Over the past three years the volunteer-run organization Ukrainian Centre for Aerial Reconnaissance trained about 200 Ukrainian servicemen – aerial reconnaissance professionals to serve at the front. It was reported by Maria Berlinska, head of the Ukrainian Centre for Aerial Reconnaissance at a press-briefing at Ukraine Crisis Media Center.
Origins of the Center
“We organized the training process and have been supporting it for the third year. We are thus able to train professionals,” Berlinska said. First practical training session was held in October 2014. In January 2015 the Center was set up and systematic training started. The organization was established with the support of the National University Kyiv-Mohyla Academy and is financed from donations. Among the Center’s donors is the Ukrainian community of London.
What the drones are used for at the front
Using unmanned aerial vehicles (UAVs) for reconnaissance purposes considerably decreases time required to obtain important data, saves military reconnaissance units from losses as well as allows to get comprehensive data on the operational environment. Aerial reconnaissance helps detect where the fire comes from, how the adversary is changing positions and redeploying the equipment. “If we had aerial reconnaissance developed to the high standards as well as if the military orders were correct, we would not get surrounded into ‘pockets,” Maria Berlinska said in an interviews to a Ukrainian media.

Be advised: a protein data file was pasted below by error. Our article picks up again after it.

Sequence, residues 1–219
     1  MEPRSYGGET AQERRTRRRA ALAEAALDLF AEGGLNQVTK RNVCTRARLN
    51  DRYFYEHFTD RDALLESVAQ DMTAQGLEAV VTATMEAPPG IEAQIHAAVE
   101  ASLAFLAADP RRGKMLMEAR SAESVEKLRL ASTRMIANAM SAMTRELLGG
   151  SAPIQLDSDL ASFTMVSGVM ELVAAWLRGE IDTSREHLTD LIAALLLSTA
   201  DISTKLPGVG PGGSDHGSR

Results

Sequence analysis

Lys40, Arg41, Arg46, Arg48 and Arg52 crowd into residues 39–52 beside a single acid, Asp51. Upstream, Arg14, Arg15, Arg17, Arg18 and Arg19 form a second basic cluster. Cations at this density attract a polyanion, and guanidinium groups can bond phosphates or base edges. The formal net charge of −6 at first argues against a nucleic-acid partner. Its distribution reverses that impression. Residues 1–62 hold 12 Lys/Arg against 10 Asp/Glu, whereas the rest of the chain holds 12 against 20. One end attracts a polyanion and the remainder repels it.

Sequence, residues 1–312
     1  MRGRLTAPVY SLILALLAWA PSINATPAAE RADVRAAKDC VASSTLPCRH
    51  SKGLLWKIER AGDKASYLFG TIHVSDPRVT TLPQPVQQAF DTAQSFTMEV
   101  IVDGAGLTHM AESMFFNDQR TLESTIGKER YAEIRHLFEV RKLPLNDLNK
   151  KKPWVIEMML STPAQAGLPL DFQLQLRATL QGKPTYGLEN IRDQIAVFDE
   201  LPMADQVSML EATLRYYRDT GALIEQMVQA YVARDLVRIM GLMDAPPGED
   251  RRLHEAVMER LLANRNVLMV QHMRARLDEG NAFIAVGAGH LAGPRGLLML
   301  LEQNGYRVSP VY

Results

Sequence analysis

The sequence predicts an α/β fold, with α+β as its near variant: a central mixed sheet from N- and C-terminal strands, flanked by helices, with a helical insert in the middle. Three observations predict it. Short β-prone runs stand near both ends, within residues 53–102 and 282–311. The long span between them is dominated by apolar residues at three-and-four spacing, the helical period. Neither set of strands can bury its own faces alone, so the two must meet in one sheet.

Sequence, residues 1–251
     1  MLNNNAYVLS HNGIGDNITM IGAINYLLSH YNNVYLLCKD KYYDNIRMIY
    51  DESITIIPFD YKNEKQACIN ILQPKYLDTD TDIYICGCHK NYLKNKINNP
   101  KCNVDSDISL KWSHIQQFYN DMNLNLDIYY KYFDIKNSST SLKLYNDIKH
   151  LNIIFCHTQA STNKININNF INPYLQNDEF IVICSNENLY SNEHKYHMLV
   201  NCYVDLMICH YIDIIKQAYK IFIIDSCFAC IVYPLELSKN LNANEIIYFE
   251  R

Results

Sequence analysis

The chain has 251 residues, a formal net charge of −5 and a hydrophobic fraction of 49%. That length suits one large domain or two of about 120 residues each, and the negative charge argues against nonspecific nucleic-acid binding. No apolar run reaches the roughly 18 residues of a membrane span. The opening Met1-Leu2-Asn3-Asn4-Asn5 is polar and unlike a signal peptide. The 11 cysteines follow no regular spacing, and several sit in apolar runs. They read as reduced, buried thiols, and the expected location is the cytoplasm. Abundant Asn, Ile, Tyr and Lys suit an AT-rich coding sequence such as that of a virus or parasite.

Why it’s volunteers who run Ukraine’s aerial reconnaissance?
Volunteers note that in the third year of the war, there is no systematic state support to aerial reconnaissance, neither there are groundbreaking engineer developments in the field.
What the training is like
The training comprises a theoretical part and actual flight practice on drones – multicopters and gliders. Basics of drone-flying are practiced by using simulators and flying actual drones. The Center provides accommodation and provides meals to its trainees for the duration of the course. The training session lasts for about one month, a maximum of 15 persons may get trained in one session. Servicemen are accepted into the course upon the request from the combat unit commander. Aerial reconnaissance volunteers also travel to and collect intelligence at the front.
The training process is expensive. “It requires considerable investment in terms of resources and equipment,” said the organization’s resource coordinator Ihor Kateryniuk. “We often need drones, batteries and other items that wear with time,” he added.